The Way of Toyota, Great Companies and Mary Zatina

Because I am married to the great governor of Michigan, I have had the chance to be a fly on the wall (generally a quiet and unobtrusive one) during meetings with executives from Toyota. These Toyota execs are like those I have gotten to know from Fortune magazine’s “100 Best Companies to Work For,” in that they get totally fired up when they start talking about the culture in their companies. The Toyota folks and the great company folks know that “culture beats strategy” every time. They have strategies to achieve results. But they know and constantly verbalize that the only way you get results is through people. For these folks it’s not just that people are the necessary means, but that people are ends in themselves. It’s not just that the employees are there for the company’s success, but at some really deep level, they believe the company is there for the employees’ success. So they pay attention to people. They have a “what” of results they’re pursuing, but they pay primary attention to the who and to the how.
These executives affirmed what a great leader named Mary Zatina has been showing me. Today, Mary, who has served as my chief of staff for four years, begins her new job as vice president at Oakwood Health Care System. At Oakwood they’ll find what I found out, what the governor’s cabinet directors all found out, and what the receptionists and maintenance people found out: Mary treats every person she meets as an end. She demonstrates active interest in who they are, not just in their roles but in their lives. Daniel Goleman uses an image for such emotional intelligence; he says it’s like a “lubricant” that helps people and organizations function smoothly. Mary acts with folks like Dorothy did with the Tin Man, always ready with a few squirts of oil for whoever needs encouragement or attention. I know my rusty joints got oiled at critical times. And my team often functioned, because of Mary, like a well-oiled machine.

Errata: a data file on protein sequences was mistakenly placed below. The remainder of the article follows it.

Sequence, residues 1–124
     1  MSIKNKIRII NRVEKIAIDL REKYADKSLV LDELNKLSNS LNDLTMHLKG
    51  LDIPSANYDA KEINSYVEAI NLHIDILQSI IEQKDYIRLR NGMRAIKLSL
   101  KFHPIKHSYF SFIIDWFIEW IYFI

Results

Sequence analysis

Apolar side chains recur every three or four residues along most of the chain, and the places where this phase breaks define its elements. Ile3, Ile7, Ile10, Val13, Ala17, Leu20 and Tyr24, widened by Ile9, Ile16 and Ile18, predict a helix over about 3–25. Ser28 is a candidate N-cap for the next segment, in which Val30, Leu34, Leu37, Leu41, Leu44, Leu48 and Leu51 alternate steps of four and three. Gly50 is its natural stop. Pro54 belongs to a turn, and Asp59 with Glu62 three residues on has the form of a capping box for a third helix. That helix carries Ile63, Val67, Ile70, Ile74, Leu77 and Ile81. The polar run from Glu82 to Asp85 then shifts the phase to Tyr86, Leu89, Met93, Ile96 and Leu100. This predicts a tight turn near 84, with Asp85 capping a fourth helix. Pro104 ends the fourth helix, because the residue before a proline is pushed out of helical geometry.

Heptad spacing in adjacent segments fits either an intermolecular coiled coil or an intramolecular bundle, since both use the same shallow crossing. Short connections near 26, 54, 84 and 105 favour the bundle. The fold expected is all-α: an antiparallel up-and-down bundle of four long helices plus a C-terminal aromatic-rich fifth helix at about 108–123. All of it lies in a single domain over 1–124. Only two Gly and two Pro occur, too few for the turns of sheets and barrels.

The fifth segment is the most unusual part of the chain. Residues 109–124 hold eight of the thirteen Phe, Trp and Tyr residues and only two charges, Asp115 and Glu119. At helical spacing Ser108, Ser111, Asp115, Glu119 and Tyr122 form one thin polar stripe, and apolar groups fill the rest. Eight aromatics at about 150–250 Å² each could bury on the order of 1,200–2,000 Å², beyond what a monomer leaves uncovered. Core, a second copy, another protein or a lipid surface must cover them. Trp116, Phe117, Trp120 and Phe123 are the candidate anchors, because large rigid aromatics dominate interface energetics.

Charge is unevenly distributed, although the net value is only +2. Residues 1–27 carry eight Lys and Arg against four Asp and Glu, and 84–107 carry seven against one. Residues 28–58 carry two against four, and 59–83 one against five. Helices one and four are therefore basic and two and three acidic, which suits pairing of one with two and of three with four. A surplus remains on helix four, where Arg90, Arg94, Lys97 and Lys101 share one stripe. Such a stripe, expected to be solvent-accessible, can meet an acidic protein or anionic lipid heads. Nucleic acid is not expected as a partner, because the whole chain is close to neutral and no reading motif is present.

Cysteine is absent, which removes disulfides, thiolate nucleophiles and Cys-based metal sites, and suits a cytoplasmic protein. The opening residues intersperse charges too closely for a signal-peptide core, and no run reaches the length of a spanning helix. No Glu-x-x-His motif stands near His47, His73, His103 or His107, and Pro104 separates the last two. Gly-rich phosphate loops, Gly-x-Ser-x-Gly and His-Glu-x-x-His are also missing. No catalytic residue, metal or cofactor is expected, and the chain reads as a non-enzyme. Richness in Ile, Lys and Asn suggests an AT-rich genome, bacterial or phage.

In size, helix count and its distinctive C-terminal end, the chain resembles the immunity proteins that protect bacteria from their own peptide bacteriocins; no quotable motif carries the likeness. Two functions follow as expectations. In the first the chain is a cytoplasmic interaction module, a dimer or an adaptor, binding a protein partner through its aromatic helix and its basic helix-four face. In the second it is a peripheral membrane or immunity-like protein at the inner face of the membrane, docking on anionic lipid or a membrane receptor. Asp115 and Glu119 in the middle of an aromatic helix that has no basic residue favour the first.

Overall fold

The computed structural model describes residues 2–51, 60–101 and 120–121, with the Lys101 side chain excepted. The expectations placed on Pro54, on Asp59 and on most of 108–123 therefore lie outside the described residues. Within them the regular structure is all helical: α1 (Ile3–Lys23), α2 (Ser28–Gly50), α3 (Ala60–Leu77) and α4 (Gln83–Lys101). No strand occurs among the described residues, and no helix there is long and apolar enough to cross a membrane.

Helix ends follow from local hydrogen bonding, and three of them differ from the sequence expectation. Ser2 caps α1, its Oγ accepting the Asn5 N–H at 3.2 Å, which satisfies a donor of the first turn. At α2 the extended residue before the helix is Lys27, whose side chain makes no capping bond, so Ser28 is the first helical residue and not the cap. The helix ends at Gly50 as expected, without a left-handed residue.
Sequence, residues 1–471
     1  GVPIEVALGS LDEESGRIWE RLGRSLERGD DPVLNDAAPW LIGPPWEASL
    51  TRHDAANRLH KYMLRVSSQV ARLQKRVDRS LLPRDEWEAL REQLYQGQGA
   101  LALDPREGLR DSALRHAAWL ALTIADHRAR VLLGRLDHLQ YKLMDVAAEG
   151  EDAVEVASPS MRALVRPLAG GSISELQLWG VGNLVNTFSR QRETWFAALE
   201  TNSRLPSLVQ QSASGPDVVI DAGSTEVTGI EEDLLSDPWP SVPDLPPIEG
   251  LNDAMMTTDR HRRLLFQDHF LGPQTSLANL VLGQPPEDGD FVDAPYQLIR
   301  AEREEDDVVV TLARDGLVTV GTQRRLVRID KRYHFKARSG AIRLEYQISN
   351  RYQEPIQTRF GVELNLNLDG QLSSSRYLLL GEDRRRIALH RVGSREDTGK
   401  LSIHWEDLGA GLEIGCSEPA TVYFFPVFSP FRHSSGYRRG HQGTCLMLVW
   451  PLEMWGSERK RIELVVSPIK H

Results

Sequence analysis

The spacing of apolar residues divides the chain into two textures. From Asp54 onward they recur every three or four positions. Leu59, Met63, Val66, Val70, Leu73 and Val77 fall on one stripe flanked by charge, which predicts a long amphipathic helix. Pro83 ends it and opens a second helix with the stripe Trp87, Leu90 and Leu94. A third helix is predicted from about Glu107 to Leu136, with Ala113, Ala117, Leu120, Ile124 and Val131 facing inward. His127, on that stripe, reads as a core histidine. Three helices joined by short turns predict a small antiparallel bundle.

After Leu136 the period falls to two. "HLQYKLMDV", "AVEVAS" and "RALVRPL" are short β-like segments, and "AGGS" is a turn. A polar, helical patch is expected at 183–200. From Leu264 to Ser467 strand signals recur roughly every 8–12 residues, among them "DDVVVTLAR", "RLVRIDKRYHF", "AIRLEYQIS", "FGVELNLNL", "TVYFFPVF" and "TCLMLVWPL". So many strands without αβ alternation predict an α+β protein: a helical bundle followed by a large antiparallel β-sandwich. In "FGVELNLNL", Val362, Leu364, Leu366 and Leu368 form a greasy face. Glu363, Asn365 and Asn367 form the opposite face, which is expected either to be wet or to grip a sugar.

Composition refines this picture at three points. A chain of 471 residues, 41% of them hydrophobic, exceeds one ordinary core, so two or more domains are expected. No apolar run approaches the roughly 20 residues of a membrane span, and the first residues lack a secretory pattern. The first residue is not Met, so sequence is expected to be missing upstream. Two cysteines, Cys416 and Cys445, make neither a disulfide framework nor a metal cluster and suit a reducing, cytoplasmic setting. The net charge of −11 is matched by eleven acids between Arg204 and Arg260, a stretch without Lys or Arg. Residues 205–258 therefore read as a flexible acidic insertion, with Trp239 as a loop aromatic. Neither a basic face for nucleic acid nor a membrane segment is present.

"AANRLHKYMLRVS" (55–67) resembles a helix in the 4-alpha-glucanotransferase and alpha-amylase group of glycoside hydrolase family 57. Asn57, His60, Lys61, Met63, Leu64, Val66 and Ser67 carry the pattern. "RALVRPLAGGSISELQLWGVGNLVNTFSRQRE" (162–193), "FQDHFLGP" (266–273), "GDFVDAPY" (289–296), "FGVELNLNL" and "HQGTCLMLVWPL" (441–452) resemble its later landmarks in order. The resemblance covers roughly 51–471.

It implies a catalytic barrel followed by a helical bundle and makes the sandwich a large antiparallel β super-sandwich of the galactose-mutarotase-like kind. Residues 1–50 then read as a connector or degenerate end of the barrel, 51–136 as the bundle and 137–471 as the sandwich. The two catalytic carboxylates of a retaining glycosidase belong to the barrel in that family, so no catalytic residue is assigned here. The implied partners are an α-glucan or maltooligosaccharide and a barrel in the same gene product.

Like the Toyota folks, Mary also brought the great leadership skill of looking at “the how.” Because she broke projects down in the planning process, we acted with efficiency and didn’t have to spend time fixing problems that could have been anticipated. Because she involved the people in planning who would have to execute, she uncovered pitfalls before we fell into them. Because she made us debrief – celebrating successes but noting shortcomings — we almost always did things markedly better the second time.
I remain a big believer in the “where” of vision and the “what” of strategy, but I sure want to keep learning from the Toyotas, the great companies, and the great leaders like Mary Zatina who see the value of the who and the how.
You have to see and appreciate others’ greatness if you really want to
Lead with your best self,